【Prevention and Control of Alien Invasive Species】 In 2005, the Ministry of Agriculture formulated and issued the Contingency Plan for Major Agricultural Incidents Concerning Harmful Species and Alien Invasive Species, collected the information and data of over 300 alien invasive species, established the database of alien invasive species in China and compiled the Catalogue of Major Agricultural and Forest Alien Invasive Species in China. In addition, the ministry also conducted adaptability risk assessment of 10 major potential invasive species. It carried out the demonstration of comprehensive technologies on the prevention and control of 8 invasive weed species and four invasive insects, continued the initiative of wiping out alien invasive species in 100 counties of 10 provinces by mobilizing more than 10 million person/time to carry out concentrated wiping out of such weeds as purple-stem herba lycopi, ragweed, alternanthera philoxeroides and little-blossom caltrop. As a result, the above mentioned plants were eliminated on over 20 million mu of land or waters. 【International Cooperation】 The Implementation Project of UNEP/GEF China Bio-safety Framework was progressed, the Summary Report on the Study of the Development and Impact of Genetically Modified Organisms (GMOs) Related Technologies and the Report on the Study of Bio-safety related policy, Laws and Regulations and Administrative System in China were revised and improved, the technical guidelines, reports on case study as well as other related guidelines on the risk assessment and risk management of GMOs such as GM fish, Bt (Bt – bacillus thruingiensis) cotton, Bt rice, GM soybean, nifA Pseudomonas Smithii, Bt Pseudomonas fluorescens and the safety of genetically modified food were further consolidated, the risk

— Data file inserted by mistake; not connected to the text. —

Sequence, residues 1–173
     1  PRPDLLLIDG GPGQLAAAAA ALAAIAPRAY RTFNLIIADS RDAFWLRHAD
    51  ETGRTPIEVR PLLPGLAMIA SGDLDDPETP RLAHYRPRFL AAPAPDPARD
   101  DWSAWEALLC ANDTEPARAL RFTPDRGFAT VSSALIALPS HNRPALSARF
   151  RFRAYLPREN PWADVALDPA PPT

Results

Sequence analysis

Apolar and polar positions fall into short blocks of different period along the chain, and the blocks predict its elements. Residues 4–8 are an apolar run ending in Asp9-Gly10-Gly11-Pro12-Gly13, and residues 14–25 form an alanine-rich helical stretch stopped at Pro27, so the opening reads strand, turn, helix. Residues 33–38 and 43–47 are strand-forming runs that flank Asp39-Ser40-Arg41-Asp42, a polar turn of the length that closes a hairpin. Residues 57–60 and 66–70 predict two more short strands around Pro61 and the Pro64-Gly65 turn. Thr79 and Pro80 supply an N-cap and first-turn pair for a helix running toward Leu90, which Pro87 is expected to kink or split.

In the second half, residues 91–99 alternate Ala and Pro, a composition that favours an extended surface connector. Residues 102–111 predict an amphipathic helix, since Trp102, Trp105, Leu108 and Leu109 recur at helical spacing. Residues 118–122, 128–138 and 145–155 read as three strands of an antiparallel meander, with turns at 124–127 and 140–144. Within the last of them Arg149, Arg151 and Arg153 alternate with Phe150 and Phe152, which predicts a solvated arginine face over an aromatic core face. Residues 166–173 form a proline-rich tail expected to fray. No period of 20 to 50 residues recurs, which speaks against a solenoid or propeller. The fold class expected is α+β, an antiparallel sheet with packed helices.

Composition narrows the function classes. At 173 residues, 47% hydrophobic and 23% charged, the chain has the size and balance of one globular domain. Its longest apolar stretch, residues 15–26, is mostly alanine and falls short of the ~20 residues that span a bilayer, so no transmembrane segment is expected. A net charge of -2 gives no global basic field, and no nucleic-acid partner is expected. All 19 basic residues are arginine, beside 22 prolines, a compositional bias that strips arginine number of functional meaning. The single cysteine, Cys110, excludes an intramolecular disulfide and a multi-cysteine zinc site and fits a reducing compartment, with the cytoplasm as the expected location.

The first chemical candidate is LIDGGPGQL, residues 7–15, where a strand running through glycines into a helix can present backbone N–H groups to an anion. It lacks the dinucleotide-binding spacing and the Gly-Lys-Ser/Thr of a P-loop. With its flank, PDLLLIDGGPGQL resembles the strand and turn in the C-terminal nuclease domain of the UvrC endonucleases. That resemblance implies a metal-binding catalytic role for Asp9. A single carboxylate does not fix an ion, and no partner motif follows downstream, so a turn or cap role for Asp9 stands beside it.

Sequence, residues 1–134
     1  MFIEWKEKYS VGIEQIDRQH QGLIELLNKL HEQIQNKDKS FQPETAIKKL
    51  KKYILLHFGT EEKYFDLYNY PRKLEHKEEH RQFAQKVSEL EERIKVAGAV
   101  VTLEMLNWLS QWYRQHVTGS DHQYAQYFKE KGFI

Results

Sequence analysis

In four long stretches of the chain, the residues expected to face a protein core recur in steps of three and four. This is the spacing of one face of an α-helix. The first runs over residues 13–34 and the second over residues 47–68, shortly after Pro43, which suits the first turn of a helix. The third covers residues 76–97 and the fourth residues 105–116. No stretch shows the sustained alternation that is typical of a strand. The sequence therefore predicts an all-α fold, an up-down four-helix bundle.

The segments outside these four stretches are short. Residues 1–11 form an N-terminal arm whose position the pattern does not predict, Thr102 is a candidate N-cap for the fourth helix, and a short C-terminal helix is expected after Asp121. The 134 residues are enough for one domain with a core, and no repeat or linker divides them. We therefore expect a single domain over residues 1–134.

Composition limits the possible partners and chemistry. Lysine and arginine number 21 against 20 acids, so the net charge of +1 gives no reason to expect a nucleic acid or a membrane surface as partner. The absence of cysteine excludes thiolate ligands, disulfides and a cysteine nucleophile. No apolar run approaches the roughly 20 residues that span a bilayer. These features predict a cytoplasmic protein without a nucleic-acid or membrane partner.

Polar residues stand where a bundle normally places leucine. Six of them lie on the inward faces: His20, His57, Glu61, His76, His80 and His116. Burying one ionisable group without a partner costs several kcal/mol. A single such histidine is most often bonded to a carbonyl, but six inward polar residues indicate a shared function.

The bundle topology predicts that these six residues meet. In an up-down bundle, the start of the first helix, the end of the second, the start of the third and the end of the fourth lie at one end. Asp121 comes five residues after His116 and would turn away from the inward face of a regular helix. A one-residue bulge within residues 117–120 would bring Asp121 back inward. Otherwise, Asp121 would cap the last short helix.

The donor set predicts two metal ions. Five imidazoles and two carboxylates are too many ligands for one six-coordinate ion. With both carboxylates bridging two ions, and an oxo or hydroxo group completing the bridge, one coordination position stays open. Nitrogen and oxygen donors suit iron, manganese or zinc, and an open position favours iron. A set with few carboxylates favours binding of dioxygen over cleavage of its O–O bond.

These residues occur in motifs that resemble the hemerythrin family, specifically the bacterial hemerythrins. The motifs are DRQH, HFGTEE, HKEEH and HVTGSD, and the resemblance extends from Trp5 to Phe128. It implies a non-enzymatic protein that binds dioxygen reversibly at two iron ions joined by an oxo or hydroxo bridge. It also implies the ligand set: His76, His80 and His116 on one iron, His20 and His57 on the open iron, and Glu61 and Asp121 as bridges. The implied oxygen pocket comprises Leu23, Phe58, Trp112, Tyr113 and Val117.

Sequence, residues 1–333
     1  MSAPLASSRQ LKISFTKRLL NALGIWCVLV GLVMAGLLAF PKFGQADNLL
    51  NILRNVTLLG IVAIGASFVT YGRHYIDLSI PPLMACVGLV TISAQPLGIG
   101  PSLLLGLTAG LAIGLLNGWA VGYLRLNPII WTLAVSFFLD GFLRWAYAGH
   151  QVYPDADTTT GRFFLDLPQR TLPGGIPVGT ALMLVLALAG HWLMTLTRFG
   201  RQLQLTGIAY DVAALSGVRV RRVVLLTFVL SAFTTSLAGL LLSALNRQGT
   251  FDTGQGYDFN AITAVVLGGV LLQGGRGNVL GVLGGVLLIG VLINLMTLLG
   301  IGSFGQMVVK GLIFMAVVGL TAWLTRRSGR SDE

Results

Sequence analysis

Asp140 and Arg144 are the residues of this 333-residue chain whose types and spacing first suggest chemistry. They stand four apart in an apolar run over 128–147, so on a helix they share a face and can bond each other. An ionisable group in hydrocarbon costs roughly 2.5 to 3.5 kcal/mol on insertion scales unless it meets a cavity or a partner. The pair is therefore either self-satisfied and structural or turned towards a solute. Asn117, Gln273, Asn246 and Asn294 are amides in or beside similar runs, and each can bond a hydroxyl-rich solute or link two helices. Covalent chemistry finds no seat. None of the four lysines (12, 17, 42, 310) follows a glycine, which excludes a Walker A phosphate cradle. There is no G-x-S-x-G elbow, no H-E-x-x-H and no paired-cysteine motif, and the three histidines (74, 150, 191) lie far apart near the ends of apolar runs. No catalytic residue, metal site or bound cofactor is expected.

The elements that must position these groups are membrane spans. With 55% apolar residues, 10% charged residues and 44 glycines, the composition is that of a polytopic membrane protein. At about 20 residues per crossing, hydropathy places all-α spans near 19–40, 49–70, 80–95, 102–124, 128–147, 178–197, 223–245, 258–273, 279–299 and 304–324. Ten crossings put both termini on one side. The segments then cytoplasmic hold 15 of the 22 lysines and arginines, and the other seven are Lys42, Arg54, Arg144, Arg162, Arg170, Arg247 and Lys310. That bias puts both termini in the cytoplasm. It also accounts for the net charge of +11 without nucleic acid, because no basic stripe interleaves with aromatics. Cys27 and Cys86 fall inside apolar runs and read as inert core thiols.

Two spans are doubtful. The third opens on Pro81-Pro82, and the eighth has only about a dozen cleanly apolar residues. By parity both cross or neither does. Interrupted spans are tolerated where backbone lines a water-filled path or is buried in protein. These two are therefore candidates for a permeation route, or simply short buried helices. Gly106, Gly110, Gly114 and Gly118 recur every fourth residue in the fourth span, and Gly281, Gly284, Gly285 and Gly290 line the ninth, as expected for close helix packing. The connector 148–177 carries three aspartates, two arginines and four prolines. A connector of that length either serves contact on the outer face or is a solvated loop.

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assessment and environmental monitoring experimental study on genetically modified cotton and soybean were also under way, and the designing plan for the National Bio-safety Information Exchange Agency was drawn up.